Higher Education

STAR TRIBUNE: Hamline adjuncts reach tentative agreement on ‘historic’ first contract

Hamline instructors’ tentative pact includes first pay raise in 10 years.

Adjunct instructors at St. Paul’s Hamline University, the first in Minnesota to form a union, have reached a tentative agreement on their first contract.

The agreement calls for an immediate 15 percent raise — the instructors’ first raise in their base pay in 10 years, union officials said.

“We think that this contract is a historic first step,” said Della Zurick, a political science instructor at Hamline and one of the union negotiators. “We feel so good about this for so many reasons.”

In 2014, adjuncts at Hamline became the first in Minnesota to vote to unionize as part of a national campaign, called Adjunct Action, to improve wages and working conditions for part-time, temporary faculty members on college campuses.

The agreement, reached late Wednesday, will increase the pay of about 200 Hamline instructors by 20 to 30 percent by the end of the three-year contract, according to the union, which is affiliated with SEIU (Service Employees International Union) Local 284.

Zurick, who has taught political science at Hamline since 2007, said the university had paid the same base rate, $4,000 a class, for 10 years. The two sides had been negotiating since September 2014 to reach a contract.

“Everybody’s going to see an increase,” Zurick said.

If ratified by union members in January, the contract also will give adjuncts the “first right of refusal” to teach certain courses, more advance notice on hiring, and a fund for professional development. “That means that, for the first time, part-time teachers at Hamline have access to funds that they can use to become better teachers,” said Zurick.

John Matachek, Hamline’s provost, said, “I think we landed in a fair place.” He noted that about 15 to 20 percent of Hamline’s courses are taught by adjuncts, and that the college paid a “fairly competitive” rate. At the same time, he said, “we weren’t particularly proud of the fact that [some adjuncts] hadn’t received an increase in 10 years. It should have been higher on the radar screen than it was.”

Typically, adjuncts are hired by the class and paid far less than tenured professors, with few if any benefits. The use of adjuncts has greatly expanded in recent years as colleges and universities have sought to rein in expenses and maintain flexibility in filling teaching slots.

But Zurick rejected the notion that the contract would add to college costs. “We believe that education can be affordable and that people can be paid just wages,” she said. “We don’t think that those are mutually exclusive.”

Zurick said the agreement is likely to resonate beyond Hamline as adjunct professors around the country struggle with similar issues. “We sort of stood up, and in the interests of justice for everybody … started a conversation with Hamline,” she said. “We are part-time workers, but Hamline is acknowledging our value.”

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Hamline University Adjuncts Reach Tentative Agreement on Historic First Union Contract

The agreement, called a victory for both faculty and students, will help promote stability through substantial wage increases and new professional development fund

St. Paul, Minn – Late Wednesday night, adjunct faculty at Hamline University reached a tentative agreement for their historic first contract with the University. After 10 years without a raise, adjuncts voted overwhelmingly to form their Union with SEIU Local 284 in June of 2014, and have been negotiating their first contract with the University for over a year. The adjunct faculty on the bargaining team praised the contract as a strong step forward to improving Hamline for adjuncts, students and the whole Hamline community.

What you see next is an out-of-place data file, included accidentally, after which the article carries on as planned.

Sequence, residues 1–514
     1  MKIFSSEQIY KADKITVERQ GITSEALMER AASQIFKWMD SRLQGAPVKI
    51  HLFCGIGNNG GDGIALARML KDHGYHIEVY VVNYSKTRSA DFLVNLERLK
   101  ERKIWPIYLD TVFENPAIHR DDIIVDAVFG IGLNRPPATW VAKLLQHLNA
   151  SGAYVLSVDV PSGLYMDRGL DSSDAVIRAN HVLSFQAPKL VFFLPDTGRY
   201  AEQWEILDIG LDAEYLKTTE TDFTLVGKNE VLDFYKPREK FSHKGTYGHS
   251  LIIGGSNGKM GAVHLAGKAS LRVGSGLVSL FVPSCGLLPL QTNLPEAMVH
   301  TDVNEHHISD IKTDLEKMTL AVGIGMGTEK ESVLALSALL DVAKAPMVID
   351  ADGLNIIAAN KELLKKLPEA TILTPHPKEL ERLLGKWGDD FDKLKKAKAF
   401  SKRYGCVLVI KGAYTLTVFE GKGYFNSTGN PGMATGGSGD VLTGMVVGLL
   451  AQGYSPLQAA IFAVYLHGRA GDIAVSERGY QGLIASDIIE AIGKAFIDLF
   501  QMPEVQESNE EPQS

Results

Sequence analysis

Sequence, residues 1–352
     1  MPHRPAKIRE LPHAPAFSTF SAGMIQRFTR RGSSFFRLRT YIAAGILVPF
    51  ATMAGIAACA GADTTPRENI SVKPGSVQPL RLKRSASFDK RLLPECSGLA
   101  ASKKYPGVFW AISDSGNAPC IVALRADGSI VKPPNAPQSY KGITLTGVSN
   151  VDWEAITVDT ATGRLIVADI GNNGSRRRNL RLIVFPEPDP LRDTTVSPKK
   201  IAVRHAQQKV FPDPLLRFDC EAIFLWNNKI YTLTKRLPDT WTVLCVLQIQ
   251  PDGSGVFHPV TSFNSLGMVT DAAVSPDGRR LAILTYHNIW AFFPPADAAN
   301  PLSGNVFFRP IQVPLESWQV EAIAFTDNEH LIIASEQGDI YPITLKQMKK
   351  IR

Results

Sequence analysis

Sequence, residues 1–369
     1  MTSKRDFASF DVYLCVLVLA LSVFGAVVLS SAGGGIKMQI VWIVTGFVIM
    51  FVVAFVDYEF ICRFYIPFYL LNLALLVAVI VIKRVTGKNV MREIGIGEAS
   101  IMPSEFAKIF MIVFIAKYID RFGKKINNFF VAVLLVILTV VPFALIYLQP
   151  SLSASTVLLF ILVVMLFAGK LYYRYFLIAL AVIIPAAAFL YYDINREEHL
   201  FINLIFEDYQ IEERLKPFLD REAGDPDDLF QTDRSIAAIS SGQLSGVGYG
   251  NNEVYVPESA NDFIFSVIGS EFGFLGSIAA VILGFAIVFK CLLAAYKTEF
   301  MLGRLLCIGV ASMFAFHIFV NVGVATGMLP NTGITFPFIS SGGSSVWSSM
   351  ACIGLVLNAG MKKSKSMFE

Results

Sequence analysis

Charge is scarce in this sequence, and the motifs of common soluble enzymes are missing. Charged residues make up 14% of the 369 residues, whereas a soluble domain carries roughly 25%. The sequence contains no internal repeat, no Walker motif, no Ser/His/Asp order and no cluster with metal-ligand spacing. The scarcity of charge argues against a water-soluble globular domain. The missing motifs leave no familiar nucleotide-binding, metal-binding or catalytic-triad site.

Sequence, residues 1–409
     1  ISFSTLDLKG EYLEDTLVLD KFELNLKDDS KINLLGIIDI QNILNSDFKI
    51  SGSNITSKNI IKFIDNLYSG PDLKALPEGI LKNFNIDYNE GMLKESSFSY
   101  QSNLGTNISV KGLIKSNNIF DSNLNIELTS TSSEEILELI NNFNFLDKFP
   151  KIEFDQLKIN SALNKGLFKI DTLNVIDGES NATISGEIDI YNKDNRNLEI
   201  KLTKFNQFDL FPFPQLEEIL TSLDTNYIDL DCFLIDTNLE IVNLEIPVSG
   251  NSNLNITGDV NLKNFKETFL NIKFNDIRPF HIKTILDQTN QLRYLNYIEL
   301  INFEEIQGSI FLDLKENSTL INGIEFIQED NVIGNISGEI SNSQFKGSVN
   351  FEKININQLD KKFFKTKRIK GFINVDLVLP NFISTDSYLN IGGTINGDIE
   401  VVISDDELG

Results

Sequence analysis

Mark Felton, a Hamline adjunct in the business school and member of the bargaining team, highlighted how the contract is a “win-win” for everyone at Hamline.

“Teaching is my passion, which is why I joined the fight to win this first contract that makes Hamline stronger for both adjunct faculty and our students,” said Felton, who has taught at various Higher Education institutions in Minnesota for over 10 years. “Increasing wages after all these years, establishing a professional development fund and crafting a system where adjuncts have advance notice of when we will teach courses will all help to create an environment where we have the capacity to do what we love to do, which is spend time with and teach our students. We always believed we could reach an agreement that moves everyone forward, and we are proud that we came together and made this contract a reality.”

Della Zurick, a Hamline adjunct who teaches political theory and is a member of the bargaining team, shared that her love of her students got her involved in the campaign and why their support helped to make the contract a reality.

“I teach my students about standing up for their convictions, and feel strongly that this contract does just that for Hamline adjuncts who have fought so hard for what is best for both faculty and students,” said Zurick. “I feel called to teach, and find great joy in engaging with my Hamline students. It has been amazing to see and hear the support they have given us throughout my time on the campaign.  I believe this contract will help to strengthen that experience for all involved at Hamline. When adjuncts aren’t having to run from one job to the next, scrambling to fit together various pieces, it gives us more time to actually teach our students.”

Hamline students have been strong supporters of the adjuncts during the campaign for a first contract. Kyle McGuinn, a first year MFA student at Hamline, shared why he worked to support adjuncts and why he was excited for this first contract.

“This agreement is a great step forward for both Hamline students and faculty. Students supported the adjuncts bargaining for a fair first contract because we know that if our teachers are paid fairly and given the support they need, they will have more time to invest in our education,” said McGuinn. “I’m proud that adjuncts stood up for a better future for higher education, and proud that the student body showed our support for the teachers that make our education possible. This is a big win for all of Hamline.”

Highlights of the tentative agreement include:

  • Raises for all adjunct faculty. A majority will receive a 15% increase in year 1 and base pay will increase by 20% by the 2017-2018 fiscal year.
  • Additional compensation for adjuncts with their terminal degree and length of service will increase base pay in year 1 by 25% and by 30% in fiscal year 2017-2018.
  • A professional development fund will be established.
  • Adjunct faculty will receive much earlier notice of courses they will teach, and will be compensated for work if there is a last minute cancellation. Additionally, they will have the first right of refusal to teach a course they design or be compensated for the curriculum.